Format

Send to

Choose Destination
See comment in PubMed Commons below
Mech Ageing Dev. 2007 Nov-Dec;128(11-12):581-93. Epub 2007 Aug 17.

Dietary restriction in Drosophila is dependent on mitochondrial efficiency and constrained by pre-existing extended longevity.

Author information

  • 1Department of Biological Sciences, Wayne State University, Detroit, MI 48202, USA.

Abstract

We tested the effects of dietary restriction (DR) on the standard w(1118) strain as well as on our previously described Ra and La strains and their reciprocal isogenic 'cybrid' lines containing heterologous nuclear-mitochondrial combinations. The w(1118) and Ra strains, but neither the La strains nor their 'cybrid' derivatives, are DR-inducible. The Ra and La animals are more robust than the w(1118) animals, and the Ra strain shows an upward shift in its DR threshold. The non-inducibility of the La strain suggests that it expresses a constituitive version of the inducible DR phenotype of its predecessor Ra strain. The difference in mitochondrial efficiency observed between the Ra and La mitochondria (Ross, 2000) has real effects on longevity in the adults: the presence of the more efficient La mitochondria enhances the longevity of an otherwise Ra animal; while the maximum longevity inherent in the La nuclear information cannot be fully expressed in the presence of the Ra mitochondria. Despite the absence of any demographic mathematical parameters robustly and uniquely associated with extended longevity, there are some common trends in that longer lived cohorts have a longer period of low and often constant early life mortality rates (comprising the "health span"), leading to a delayed onset of senescence as noted by the late life increase in age-specific mortality rates (comprising the "senescence span"). There is a genetic basis to this phenotype, but the context-dependence of the demographic data suggests that there is not likely to be only one mechanism or pathway involved in the DR response. In addition, the presence of live yeast had systemic strain specific effects such that it increased longevity in the w(1118) animals but decreased it in the Ra and derived lines. Higher density (4-10x) foods yielded a decreased longevity in all strains at the highest level, showing that malnutrition occurs at both low and high caloric levels.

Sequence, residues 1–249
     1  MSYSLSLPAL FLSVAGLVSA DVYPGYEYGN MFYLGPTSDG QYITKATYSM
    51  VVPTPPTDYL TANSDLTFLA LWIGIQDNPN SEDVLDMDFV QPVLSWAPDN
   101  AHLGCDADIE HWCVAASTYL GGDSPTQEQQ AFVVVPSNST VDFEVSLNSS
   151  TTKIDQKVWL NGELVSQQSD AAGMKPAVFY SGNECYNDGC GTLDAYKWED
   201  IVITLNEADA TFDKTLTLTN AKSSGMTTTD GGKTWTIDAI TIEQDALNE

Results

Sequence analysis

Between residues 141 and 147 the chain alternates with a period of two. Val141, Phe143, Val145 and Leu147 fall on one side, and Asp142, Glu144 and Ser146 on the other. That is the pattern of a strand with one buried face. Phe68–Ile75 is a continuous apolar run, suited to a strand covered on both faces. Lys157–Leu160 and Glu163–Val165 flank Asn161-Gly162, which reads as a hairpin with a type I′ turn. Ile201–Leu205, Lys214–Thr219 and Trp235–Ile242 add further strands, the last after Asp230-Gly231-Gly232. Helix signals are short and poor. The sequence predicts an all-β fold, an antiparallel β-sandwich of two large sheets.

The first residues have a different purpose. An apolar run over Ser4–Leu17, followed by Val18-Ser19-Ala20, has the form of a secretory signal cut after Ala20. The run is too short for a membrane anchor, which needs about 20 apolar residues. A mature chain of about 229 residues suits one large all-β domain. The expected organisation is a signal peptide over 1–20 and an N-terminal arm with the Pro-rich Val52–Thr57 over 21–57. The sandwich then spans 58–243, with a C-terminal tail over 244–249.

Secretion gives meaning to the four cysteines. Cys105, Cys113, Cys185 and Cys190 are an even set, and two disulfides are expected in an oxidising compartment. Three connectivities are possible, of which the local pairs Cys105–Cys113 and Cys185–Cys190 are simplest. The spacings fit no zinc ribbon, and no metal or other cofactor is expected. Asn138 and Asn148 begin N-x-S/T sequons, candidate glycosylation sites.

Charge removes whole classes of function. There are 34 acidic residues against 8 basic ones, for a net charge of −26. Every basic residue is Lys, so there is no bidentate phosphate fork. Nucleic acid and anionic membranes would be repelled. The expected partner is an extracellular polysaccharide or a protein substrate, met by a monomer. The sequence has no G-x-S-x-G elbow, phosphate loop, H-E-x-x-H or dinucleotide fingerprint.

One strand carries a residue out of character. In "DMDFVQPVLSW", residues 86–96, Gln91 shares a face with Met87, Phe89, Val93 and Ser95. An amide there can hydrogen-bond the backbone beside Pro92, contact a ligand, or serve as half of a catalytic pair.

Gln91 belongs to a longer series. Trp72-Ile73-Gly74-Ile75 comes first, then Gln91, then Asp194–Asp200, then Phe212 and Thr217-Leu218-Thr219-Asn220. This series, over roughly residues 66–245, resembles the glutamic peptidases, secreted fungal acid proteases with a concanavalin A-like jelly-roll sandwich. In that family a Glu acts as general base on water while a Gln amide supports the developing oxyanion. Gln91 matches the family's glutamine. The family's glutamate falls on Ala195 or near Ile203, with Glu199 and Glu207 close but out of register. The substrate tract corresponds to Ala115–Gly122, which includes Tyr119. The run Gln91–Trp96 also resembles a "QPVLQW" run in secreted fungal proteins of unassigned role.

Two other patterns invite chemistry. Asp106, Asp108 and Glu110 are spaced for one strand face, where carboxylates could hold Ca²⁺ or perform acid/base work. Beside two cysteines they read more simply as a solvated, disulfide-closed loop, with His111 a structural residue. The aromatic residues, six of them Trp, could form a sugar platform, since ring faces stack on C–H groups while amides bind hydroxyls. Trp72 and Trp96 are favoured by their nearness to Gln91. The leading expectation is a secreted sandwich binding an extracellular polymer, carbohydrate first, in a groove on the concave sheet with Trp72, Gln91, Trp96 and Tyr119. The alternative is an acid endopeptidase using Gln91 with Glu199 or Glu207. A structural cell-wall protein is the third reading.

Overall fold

[PubMed - indexed for MEDLINE]

LinkOut - more resources

Full Text Sources

Molecular Biology Databases

PubMed Commons home

PubMed Commons

0 comments
How to join PubMed Commons

    Supplemental Content

    Full text links

    Icon for Elsevier Science
    Loading ...
    Write to the Help Desk